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Charlie And Stan - Theatre Royal Bath Review

Charlie And Stan - Theatre Royal Bath Review 
Prepare yourself to see theatre like you’ve never seen before with the amazing Charlie and Stan, a silent comedy which tells the story of Charlie Chaplin and Stan Laurel who might have gone on to be the greatest double-act in the world had fate not decreed otherwise. In 1910 the then two unknown performers sailed from Liverpool to New York as part of Fred Karno’s famous music hall company sharing a cabin, a mutual love of crazy comedy and a desire to become famous but by the end of the journey went their separate ways.

The performance is without any spoken words, although in the real tradition of silent movies, there is piano, sometimes a song and those old fashioned title cards that used to appear on cinema screens of the “Oh no, the train is coming” variety, very cleverly executed by Dominic Baker the projection designer. Danielle Bird makes an excellent portrayal of Charlie, not an out and out impersonation but she has nailed the little man’s expression and the character he eventually became with his signature bowler hat and cane. She’s also light as a feather and made of India rubber as some of her physical stunts suggest i.e. dangling from one of the side boxes without a care in the world. Jerone Marsh-Reid is great as the young Stan before he was Stan as you might say, and the seeds of the lovable nitwit that made Stan Laurel his fortune are all there. He, too, is a great dancer, including a slick tap routine.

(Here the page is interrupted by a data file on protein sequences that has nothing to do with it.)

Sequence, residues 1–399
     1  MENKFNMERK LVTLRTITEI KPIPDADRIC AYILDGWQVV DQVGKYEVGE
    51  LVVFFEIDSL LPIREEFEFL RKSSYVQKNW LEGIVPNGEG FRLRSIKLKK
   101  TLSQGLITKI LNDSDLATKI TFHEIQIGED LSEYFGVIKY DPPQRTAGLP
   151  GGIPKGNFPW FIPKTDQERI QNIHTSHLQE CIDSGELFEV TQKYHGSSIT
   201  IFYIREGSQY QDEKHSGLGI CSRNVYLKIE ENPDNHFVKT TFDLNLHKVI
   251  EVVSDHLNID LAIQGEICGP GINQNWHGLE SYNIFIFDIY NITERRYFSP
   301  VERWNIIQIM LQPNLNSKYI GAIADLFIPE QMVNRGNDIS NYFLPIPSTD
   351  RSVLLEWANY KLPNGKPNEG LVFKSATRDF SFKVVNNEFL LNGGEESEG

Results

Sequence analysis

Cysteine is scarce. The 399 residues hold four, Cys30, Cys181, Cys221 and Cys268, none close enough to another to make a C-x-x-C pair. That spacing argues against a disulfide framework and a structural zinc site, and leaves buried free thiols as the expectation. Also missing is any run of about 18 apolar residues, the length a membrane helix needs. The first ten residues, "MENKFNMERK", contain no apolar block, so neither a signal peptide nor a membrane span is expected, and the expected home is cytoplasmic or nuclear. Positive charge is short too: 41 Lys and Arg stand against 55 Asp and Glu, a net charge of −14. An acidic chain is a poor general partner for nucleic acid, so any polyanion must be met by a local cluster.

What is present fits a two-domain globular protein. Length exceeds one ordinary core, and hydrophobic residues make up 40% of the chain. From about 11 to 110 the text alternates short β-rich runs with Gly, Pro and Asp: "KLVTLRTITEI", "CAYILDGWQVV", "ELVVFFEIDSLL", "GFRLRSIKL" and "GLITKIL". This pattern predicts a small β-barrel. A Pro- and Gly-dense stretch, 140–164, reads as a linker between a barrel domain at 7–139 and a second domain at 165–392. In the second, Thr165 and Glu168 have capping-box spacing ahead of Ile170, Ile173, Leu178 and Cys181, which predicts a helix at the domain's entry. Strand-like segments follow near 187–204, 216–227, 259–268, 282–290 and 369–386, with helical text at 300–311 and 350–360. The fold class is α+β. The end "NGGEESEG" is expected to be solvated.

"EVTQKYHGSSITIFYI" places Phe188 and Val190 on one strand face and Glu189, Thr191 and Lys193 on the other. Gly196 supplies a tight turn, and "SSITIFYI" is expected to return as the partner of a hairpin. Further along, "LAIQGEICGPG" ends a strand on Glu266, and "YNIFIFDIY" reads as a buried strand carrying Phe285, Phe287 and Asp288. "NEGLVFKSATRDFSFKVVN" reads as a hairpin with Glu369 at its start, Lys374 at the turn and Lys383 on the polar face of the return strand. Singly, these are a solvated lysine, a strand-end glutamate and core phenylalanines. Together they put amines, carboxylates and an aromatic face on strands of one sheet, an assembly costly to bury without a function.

Nick Haverson has a big job to do playing a collection of roles, including the ostentatious Mr Fred Karno himself and Charlie’s snooty butler but his finest hour was when he morphed into Oliver Hardy with only a false moustache and a pillow to plump up the illusion. On the side he’s also a highly competent drummer. Sara Alexandra plays Charlie’s mother, and she’s a terrific pianist and mostly responsible for the music content.

Interest is kept with the set played on difference levels and flashbacks in time as the story is told; the small amount of audience participation was fun (thank goodness it wasn’t me!) and as the show runs for some 80 minutes with no interval it’s a testament to the excellent cast that they keep you keen and involved right down to the last seconds. It’s very different and we loved it.

Jacquie Vowles

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